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Starring: Melissa McCarthy, Tiffany Haddish, Elisabeth Moss
Director: Andrea Berloff
Genre: Action, Crime, Drama
RUNTIME: 102 Mins
Sisters were definitely doing it for themselves in this 1970s mobster movie with family and female empowerment being at the forefront and a funky music soundtrack to vibe to.
This gangster film tells the story of three wives fighting for their rights and their desire to help their families as well as their neighbourhood – Hell’s Kitchen in New York. It was based on DC/Vertigo’s graphic novel written by Ollie Masters and illustrated by Ming Doyle.
While some movie critics believed it flopped, I found it to be an entertaining watch with some “Oh no she didn’t” and “what just happened” moments. It may not be up there with gangster greats such as The Godfather and Goodfellas but it did offer a look at the harsh reality of living in Hell’s Kitchen and how women were being treated on the regular.
Director Andrea Berloff made this viewer feel as though she was back in 1978 wearing flared denim and crop tops and jiving to the sounds of Fleetwood Mac, Etta James and The Rolling Stones. It may have been a man’s world, but it’s true, it ain’t nothing without a women or a girl and Melissa McCarthy, Tiffany Haddish and Elisabeth Moss proved that.
These are three different women with completely different personalities and upbringing, all trying to make the best out of horrible situations. Let’s meet the characters shall we?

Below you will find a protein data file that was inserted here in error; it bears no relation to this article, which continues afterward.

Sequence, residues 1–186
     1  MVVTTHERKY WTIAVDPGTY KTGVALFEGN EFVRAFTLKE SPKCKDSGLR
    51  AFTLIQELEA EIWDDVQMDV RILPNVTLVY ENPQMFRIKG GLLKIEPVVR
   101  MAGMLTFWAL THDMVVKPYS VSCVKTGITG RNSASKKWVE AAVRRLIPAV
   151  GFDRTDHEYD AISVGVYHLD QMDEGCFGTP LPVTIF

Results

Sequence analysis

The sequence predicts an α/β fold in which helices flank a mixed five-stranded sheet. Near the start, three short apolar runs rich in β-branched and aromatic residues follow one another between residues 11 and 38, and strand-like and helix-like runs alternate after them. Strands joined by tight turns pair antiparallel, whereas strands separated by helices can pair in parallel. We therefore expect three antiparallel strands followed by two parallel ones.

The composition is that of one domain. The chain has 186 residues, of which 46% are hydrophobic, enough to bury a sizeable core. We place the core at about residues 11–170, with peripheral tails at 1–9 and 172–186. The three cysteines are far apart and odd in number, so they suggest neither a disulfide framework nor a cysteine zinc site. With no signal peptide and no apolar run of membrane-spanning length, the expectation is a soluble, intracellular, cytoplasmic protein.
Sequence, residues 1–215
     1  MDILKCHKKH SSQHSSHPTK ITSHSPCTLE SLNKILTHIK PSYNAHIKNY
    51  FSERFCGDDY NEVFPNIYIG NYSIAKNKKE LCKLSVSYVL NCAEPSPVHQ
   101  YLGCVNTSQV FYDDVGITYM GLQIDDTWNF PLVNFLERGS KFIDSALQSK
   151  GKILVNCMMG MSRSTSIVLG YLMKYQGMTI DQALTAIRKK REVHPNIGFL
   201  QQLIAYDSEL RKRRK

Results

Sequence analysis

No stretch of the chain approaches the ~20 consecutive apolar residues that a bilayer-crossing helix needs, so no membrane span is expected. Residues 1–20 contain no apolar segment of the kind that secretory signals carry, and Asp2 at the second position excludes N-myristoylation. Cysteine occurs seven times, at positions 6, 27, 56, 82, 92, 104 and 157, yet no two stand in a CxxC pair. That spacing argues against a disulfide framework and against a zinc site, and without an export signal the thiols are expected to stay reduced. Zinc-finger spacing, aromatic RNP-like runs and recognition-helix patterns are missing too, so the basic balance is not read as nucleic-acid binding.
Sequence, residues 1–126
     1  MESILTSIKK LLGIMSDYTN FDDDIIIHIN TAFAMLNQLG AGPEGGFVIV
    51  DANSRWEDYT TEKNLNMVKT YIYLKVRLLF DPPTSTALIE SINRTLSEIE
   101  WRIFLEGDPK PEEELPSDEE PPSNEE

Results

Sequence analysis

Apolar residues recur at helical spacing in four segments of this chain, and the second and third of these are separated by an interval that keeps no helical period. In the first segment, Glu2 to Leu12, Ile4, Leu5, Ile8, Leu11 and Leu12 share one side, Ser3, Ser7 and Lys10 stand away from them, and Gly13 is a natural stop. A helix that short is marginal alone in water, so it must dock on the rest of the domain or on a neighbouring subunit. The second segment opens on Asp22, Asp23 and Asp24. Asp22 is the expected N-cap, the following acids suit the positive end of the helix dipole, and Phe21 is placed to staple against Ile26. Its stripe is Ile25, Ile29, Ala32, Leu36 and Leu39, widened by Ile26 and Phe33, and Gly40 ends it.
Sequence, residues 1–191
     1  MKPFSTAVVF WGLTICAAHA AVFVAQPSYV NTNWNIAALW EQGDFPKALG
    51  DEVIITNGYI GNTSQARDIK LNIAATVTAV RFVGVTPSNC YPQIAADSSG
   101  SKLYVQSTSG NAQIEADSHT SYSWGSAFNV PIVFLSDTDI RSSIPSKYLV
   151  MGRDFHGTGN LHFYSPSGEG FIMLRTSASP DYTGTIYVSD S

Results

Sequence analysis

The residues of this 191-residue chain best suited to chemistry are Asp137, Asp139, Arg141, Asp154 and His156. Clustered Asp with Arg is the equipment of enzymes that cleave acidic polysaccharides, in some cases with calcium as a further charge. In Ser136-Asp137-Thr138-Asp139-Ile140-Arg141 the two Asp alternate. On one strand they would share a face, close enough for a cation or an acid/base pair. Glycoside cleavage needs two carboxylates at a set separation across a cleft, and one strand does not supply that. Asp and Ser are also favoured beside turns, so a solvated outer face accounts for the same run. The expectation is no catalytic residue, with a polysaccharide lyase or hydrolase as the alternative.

McCarthy, who usually takes on comedic roles, played the sweet and caring Kathy Brennan who wants nothing but the best for her children, parents and her husband Jimmy (Brian D’arcy James). She is a devoted wife who supports her criminal husband no matter what he does, even though her father disapproves of him and her felonious lifestyle.
Haddish plays Ruby O’Carroll, Kevin’s (James Badge Dale) wife. Kevin runs the Irish mob family business and is never late to berate Ruby for either being lazy or a woman. Ruby is especially hated by the matriarch of the Irish family, Helen O’Carroll (Margo Martindale), Kevin’s mother. She runs the show behind the scenes and despises Ruby for being black. She also desperately wants her “to sleep with the fishes” so to speak.
Then there is Moss. She plays Claire Walsh, a submissive wife to Rob (Jeremy Bobb). She not only gets beaten up regularly but is also treated like garbage by her husband and most of her male encounters within the movie.
From the beginning of the film, women will feel a connection to the wives and most probably shake their heads at their sorry states.
It doesn’t take long for the husbands to get snagged by Gary Silvers, an FBI agent played by rapper Common, and sent to prison for three years. They were busted rubbing a store in the first act.
Kathy is devastated and worries about how she will feed her two children. She has no skills and is a stay-at-home mum with no educational background or work experience. Ruby fears for her life with Kevin gone as lord knows how Helen will try to kill her. She sets out to plan a change in power. Meanwhile, Claire is the only happy wife who is thrilled to not be a punching bag for three years.